David Adam

Who was Ellison Poulton, and what is a rosin bag used for?

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Chicago Cubs starter Jason Hammel throws down the rosin bag during the fourth inning of the team's baseball game against the Los Angeles Angels in Chicago, Wednesday, Aug. 10, 2016. (AP Photo/Nam Y. Huh)
Nam Y. HuhSTF
By Herald-Whig
Posted: Oct. 24, 2016 10:15 am Updated: Oct. 24, 2016 10:23 am

Who was Ellison Poulton, and why is the stadium at Culver-Stockton College named after him?

The name of the stadium where the Culver-Stockton College football and soccer teams play is called Ellison Poulton Stadium.

The stadium was built to the west of the college's campus, and it was used for the first time in 1948. According to a story in the Oct. 5, 1953, edition of the Megaphone, the C-SC newspaper, Poulton bequeathed his entire estate to Culver-Stockton College "for such use as the Board of Trustees shall see fit" when he died on April 16, 1945.

The estate was valued at almost $200,000 and was used to establish a natural bowl field, concrete bleachers, a refreshment stand, press box and restrooms. The field was dedicated on Oct. 17, 1953.

Poulton grew up in Canton, where he played football and baseball and also participated in drama in high school. His father, James, was born in 1850 and was the son of a judge.

Poulton went to C-SC from 1915-19, and he was the coach of the 1918 football team that went 1-2. That was in the days before C-SC employed athletic coaches as members of the faculty.

Poulton went on to law school at Harvard and eventually worked as an assistant for the attorney general's office in St. Louis. He was a bachelor and lived in St. Louis for nearly 20 years.

He became a member of the Board of Trustees at Culver-Stockton College in 1942 He gave the college his family's residence at 800 College that was used as the home for the school president. It was used as the president's house for 30 years until a newer building was constructed for that purpose in the mid-1980s.

The stadium had a synthetic turf surface installed in 2014. The surface is called NX Level Field at Ellison Poulton Stadium. Terry Ahern, a 1980 C-SC graduate, is the owner of NX Level Sportswear in Glendale, Ariz., and he provided the funds for the new surface.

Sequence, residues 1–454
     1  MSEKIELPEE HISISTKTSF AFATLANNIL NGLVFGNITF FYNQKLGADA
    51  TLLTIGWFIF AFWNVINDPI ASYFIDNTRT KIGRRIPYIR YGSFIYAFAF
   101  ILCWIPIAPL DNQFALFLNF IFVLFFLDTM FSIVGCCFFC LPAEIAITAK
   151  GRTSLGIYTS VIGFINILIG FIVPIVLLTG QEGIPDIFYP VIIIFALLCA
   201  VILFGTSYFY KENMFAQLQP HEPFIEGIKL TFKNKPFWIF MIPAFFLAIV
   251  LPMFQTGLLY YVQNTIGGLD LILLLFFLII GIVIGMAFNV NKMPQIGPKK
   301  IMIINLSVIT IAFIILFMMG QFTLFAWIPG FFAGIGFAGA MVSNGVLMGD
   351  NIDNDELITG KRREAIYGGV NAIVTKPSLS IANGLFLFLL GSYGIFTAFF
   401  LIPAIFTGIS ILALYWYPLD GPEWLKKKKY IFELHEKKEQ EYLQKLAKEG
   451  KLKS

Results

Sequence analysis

The turf cost about $800,000. In turn, all C-SC teams will be outfitted with gear by NX Level for the next 10 years, including with jerseys, practice and coaching gear. The men's and women's soccer programs moved their games from Ayers Field back to Ellison Poulton Stadium. 

What is in the white bag pitchers use during a baseball game?

Rule 8.02 (a)(4) in the Major League Baseball rulebook states that "the pitcher shall not apply a foreign substance of any kind on the ball."

However, pitchers are allowed to use a rosin bag during games. Rosin is a powdery resin, and the small bags often are typically white sanitary socks with the ends tied off. Rosin is typically helpful on hot days to dry sweat and help grip the ball, pitchers say.

Rosin also is used by Olympic gymnasts and weightlifters, bull riders, bowlers and ballet dancers.

Baseballs typically come out of the box glossy and with a slippery feel. The umpires are responsible for preparing the balls by rubbing them down with a coating of mud, though that job often falls to a locker room attendant.

Lena Blackburne Original Baseball Rubbing Mud is the only product officially allowed on the ball. It's mud from a tributary of the Delaware River in New Jersey discovered in 1938 by Blackburne, a third base coach with the Philadelphia Athletics. The mud has the consistency of pudding and takes the shine off the ball, but it does not necessarily improve grip.

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